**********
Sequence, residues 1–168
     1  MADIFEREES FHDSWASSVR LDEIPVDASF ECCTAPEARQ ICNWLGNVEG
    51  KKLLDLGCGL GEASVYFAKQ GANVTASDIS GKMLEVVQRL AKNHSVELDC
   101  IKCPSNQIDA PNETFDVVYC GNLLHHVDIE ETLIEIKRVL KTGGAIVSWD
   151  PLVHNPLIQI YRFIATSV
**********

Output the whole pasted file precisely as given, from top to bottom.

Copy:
Sequence, residues 1–168
     1  MADIFEREES FHDSWASSVR LDEIPVDASF ECCTAPEARQ ICNWLGNVEG
    51  KKLLDLGCGL GEASVYFAKQ GANVTASDIS GKMLEVVQRL AKNHSVELDC
   101  IKCPSNQIDA PNETFDVVYC GNLLHHVDIE ETLIEIKRVL KTGGAIVSWD
   151  PLVHNPLIQI YRFIATSV